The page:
Now 55 years later, I think the evidence is overwhelming that Lee Harvey Oswald acted alone — as did Jack Ruby when he shot his target in a moment of passion.  While plenty of other theories were worthy of consideration at one time, we’ve now reached the point when no additional information, nor final conclusive answers, are likely to be forthcoming.  Perhaps the real story of what happened in Dallas that day was just as it was initially reported.  That’s not the answer many people want to hear.  But the truth isn’t always the most interesting of possibilities.

That’s probably the saddest tragedy of all, that the leader of a nation could be gunned down and history could be forever changed — not by the hand of a grand conspiracy — but rather from a simple inexplicable act from a loner.

The streets in Dealey Plaza and around Oak Cliff where the assassination and its aftermath took place remain virtually identical today, just as they were 50 years ago.  But for all those who were around during that time and who remember, nothing is quite the same as it was, nor will things ever be the same again.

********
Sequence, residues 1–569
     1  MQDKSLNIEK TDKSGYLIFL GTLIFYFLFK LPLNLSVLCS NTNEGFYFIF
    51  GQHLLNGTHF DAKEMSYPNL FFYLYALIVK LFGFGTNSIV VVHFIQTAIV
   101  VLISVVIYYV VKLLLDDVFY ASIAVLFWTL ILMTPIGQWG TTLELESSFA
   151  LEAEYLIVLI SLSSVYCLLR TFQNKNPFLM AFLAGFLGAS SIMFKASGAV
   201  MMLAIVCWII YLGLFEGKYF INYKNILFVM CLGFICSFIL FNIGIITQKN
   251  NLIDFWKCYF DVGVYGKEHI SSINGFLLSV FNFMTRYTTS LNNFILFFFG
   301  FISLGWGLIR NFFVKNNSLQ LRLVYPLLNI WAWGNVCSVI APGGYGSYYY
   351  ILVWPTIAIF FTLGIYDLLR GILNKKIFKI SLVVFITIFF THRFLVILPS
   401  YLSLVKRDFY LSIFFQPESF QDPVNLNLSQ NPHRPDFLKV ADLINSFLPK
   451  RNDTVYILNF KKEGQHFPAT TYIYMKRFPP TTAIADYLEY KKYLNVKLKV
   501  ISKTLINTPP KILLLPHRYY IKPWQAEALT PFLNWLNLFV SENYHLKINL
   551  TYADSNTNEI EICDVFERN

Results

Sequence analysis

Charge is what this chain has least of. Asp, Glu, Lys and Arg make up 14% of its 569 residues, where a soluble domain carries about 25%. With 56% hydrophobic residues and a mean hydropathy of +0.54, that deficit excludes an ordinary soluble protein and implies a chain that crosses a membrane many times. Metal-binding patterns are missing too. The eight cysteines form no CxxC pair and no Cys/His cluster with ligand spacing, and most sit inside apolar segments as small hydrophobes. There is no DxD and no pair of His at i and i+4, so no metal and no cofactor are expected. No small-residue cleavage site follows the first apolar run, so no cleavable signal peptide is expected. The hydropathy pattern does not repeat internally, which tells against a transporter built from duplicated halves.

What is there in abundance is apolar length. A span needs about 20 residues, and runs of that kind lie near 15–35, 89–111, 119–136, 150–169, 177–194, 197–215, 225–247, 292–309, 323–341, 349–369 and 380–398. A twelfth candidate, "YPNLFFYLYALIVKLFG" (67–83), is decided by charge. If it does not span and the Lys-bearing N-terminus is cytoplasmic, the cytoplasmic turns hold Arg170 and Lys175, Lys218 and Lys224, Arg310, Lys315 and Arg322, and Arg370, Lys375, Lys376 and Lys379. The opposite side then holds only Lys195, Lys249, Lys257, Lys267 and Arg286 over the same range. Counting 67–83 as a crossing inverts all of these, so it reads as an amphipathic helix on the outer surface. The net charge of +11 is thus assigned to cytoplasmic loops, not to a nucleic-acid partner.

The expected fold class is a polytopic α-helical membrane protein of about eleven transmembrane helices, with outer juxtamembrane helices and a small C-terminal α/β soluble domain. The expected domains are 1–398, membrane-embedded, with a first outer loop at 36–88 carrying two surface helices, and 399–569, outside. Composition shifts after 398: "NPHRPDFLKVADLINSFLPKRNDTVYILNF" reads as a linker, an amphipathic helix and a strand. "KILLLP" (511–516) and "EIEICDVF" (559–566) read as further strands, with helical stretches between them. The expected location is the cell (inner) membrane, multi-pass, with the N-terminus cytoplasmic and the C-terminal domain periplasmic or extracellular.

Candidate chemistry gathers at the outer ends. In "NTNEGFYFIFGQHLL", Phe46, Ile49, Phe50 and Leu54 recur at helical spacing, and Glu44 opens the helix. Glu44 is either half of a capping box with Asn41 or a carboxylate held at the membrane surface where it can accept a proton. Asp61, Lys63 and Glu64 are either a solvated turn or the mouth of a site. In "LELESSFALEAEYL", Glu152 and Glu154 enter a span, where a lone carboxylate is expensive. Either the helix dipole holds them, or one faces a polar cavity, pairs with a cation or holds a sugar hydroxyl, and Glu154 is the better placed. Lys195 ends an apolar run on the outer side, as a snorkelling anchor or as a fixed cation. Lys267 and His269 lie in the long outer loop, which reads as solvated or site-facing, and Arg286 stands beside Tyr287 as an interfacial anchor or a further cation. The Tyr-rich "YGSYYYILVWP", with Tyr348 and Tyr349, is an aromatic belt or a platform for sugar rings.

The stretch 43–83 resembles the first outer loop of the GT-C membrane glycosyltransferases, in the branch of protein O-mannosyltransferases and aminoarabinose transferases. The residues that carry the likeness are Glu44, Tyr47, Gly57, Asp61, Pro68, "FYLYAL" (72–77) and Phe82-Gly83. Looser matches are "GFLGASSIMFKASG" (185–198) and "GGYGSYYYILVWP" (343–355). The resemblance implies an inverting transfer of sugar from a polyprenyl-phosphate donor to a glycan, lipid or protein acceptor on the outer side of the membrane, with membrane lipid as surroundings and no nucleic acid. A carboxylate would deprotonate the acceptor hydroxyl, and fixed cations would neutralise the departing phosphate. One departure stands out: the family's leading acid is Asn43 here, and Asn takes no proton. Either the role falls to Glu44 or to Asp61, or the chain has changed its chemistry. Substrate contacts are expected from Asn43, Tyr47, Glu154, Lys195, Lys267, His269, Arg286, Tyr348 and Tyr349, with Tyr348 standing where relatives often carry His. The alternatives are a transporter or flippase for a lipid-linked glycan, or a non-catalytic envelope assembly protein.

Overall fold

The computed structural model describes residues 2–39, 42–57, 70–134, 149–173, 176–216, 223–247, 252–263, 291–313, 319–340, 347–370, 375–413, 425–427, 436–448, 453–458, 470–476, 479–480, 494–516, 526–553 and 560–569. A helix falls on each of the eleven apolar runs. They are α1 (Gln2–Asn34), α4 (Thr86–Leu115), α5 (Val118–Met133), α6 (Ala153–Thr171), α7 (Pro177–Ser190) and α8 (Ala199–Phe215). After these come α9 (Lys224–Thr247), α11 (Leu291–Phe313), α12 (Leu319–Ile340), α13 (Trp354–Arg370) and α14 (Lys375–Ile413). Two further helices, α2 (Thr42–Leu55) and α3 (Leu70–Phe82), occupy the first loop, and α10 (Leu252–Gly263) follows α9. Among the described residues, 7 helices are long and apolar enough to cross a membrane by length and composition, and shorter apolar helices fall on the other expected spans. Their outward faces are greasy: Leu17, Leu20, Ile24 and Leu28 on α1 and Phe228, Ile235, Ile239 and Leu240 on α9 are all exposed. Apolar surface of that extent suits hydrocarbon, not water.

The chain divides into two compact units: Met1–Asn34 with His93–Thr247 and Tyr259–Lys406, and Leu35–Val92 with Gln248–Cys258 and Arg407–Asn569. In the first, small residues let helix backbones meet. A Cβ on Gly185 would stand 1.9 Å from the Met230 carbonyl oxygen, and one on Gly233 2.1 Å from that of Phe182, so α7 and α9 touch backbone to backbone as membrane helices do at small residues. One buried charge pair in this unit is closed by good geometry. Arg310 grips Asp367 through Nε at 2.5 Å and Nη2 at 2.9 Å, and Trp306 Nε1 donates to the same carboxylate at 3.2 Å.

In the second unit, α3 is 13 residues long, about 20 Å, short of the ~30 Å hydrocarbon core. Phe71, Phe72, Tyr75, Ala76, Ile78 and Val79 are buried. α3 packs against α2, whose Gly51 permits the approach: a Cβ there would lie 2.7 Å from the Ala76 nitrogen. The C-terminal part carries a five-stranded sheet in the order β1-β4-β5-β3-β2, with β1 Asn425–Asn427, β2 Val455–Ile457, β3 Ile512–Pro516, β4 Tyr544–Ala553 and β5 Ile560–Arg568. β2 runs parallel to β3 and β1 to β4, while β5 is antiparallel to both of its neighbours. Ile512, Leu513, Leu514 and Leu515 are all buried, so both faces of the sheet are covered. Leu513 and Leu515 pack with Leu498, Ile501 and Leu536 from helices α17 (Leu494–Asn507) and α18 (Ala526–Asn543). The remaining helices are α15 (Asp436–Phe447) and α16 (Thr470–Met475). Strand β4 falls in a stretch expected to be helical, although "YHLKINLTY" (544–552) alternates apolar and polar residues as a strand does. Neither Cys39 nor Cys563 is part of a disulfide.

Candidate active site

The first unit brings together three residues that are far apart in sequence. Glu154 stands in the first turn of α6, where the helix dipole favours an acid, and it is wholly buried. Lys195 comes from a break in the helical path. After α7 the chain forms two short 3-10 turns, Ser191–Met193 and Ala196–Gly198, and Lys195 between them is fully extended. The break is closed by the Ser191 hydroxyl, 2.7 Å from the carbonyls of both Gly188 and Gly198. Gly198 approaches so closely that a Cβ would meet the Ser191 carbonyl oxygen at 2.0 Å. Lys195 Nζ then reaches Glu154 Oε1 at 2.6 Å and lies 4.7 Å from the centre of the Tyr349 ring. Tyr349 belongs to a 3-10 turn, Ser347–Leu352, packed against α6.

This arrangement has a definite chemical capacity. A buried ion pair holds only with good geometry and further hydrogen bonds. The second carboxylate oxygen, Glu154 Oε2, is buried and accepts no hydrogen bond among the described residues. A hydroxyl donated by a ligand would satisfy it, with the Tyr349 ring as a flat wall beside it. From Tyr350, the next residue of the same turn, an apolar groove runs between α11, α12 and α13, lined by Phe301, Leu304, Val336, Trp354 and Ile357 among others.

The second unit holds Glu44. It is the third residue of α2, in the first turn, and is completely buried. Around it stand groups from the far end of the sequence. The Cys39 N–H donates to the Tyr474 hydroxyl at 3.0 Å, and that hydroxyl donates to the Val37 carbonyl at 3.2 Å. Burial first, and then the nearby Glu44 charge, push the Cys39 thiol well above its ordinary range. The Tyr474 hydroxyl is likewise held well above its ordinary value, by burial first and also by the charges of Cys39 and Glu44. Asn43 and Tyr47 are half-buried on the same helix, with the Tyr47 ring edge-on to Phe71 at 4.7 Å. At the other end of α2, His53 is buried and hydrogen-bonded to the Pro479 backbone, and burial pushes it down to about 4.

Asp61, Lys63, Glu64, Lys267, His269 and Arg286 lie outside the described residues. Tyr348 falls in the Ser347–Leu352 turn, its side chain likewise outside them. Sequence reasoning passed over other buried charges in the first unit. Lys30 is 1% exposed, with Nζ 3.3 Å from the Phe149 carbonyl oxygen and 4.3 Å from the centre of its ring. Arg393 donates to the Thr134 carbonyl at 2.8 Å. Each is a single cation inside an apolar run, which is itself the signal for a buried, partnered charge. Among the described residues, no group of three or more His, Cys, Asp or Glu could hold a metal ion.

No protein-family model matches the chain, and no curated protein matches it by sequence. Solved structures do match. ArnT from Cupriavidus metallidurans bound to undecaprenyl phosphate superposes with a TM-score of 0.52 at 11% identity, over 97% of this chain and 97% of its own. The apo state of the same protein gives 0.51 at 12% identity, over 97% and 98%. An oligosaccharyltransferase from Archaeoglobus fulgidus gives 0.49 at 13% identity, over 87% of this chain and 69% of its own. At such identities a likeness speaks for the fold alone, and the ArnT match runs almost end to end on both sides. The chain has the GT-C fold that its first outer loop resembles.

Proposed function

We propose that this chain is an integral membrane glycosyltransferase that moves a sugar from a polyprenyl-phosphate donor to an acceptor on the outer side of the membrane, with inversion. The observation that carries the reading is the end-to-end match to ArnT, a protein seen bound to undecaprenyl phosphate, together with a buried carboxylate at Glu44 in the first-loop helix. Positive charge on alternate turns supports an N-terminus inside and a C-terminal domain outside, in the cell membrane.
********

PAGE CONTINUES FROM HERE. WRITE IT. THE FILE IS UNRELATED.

__________

 

Read More

Posted by on Jul 10, 2019 in Blog, Essays, Politics | 0 comments

“Chasing the Moon” is a Blast [Review]

 

__________

 

Now approaching the 50th anniversary of the Apollo 11 space mission, get ready for a bombardment of well-intended but predictable homages and historical remembrances to humanity’s greatest technical achievement.  However, one documentary towers above the rest.  The latest episodes “American Experience” on PBS take a familiar story you may think you already know and add some unexpectedly compelling twists and turns — making this the best documentary of the year.  In short, watching “Chasing the Moon” is a blast.

 

Chasing the Moon is a three-part television series running this week on PBS stations all over the country.  It’s the latest offering from American Experience, the typically outstanding weekly documentary which has run for 31 straight years (and counting), yet it somehow still manages to stay fresh with every new episode.